3 out of 4 stars
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Three merciless men repeatedly raped Orion Jackson, the protagonist of the story, when he was in prison. When the curtains of The Criminals open, Bruce Wilson takes the reader through the life of Orion after leaving the correctional facility. Powered by his thirst for revenge, Orion begins his journey to seek revenge on his three assailants (Trip Six, Crisco, and Charlie Rock).
The author spread Orion Jackson’s tale in 85 chapters. In every chapter, he featured a specific event in Orion’s life or that of his close allies and enemies. One of the people who worked closely with Orion to execute the bitter revenge is Corey. Orion had built a lucrative business (The Black Gansta Organization) in the underworld where drugs, guns, and prostitutes afforded him a great fortune. Corey served as the captain of the business. He was also Orion’s best friend. Silk and Noland took care of the drug business while Margo, a lesbian, took care of the prostitute business. Eric, Corey’s brother, ran a legitimate accounting firm that took care of the accounting needs of the Black Gansta Organization and other underworld business organizations. Things took an interesting turn when Eric’s firm stole millions of money from the Mexican Mob, a Mexican organization that led an illegal business that dealt with drugs and guns. Juan Delgado, the leader of the Mexican Mob, sort to take revenge on Eric and his close friends and relatives. Orion and Corey were top in Delgado’s most-wanted list. Could Orion and his team overcome the wave of Delgado’s lethal tactics?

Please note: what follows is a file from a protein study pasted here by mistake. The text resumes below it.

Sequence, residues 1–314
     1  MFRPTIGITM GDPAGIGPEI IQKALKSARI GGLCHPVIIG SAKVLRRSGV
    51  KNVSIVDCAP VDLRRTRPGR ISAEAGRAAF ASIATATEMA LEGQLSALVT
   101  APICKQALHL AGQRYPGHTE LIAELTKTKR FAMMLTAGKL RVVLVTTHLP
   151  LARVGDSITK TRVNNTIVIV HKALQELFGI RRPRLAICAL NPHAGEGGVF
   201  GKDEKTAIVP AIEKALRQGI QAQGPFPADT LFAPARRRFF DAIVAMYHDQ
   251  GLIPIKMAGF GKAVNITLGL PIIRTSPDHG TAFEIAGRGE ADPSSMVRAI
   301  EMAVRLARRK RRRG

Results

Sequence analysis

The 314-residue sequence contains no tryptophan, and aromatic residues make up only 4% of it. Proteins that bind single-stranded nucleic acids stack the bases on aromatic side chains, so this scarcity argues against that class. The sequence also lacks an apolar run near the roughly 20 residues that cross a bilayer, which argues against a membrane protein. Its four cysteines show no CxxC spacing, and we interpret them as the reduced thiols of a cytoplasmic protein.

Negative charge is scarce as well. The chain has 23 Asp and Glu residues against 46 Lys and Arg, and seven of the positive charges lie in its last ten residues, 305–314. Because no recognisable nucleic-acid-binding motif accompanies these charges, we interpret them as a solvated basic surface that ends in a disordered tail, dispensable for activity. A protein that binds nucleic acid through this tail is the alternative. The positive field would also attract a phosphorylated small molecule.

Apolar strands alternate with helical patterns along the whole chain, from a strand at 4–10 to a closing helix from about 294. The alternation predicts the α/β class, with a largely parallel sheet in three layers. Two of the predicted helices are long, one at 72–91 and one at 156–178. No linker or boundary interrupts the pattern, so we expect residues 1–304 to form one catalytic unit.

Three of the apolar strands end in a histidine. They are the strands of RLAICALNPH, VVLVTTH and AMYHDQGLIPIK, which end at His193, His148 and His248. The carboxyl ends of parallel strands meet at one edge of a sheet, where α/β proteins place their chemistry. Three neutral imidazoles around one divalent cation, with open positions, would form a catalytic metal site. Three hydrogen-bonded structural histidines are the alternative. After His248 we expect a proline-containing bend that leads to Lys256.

The book is nothing short of an enthralling crime thriller. I got myself carried away by Orion’s story the moment I read the first two pages of the book. Bruce, through his creativity, managed to intertwine his words in a manner that is compelling and easy to understand. His attention to detail left all the scenes and characters fully developed. For instance, fear engulfed Orion when he found out that he had been marked for execution by Juan Delgado. However, as the leader of his organization, he could not let his fear take the better part of him. He had to brace himself up and face the challenge without letting his followers realize that he was shaken by the situation.
Does the title of the book match the story contained therein? The author could have not chosen a better title for the book. It is full of the good, bad, and ugly things that are typical in the underworld. There are several gruesome murders, cases of illegal possession of guns, prostitution, and drug trafficking. Of all the characters of the book, only one of them had a clean record with the law enforcement agencies. I was surprised to learn why many gang members would not mind owning dozens of illegal guns. Corey would tell you that it would be “better to be found alive with illegal weapons than be found legally dead without them.” That was funny but true to their world.
I am still trying to figure out how Bruce Wilson managed to throw in deep Christian messages in a book that covers the dark hole of crime. It is not that I did not like them. It was just amazing that amidst the dark themes of rape, gay/lesbian relationships, gruesome murders, and prostitution the author managed to pass a strong message that seems to be deeply engraved in his heart. That is truly commendable.
Evidently, I enjoyed reading the book. If it were not for the OBC’s rules that restrict me from giving a perfect score to a book that contains more than ten errors, I would have gladly given The Criminals 4 stars. Therefore, I settle for 3 out of 4 stars. I recommend it to anyone who loves reading action-packed crime thrillers. It will not disappoint. I have to warn the reader that the book contains graphic scenes of murder and sex.
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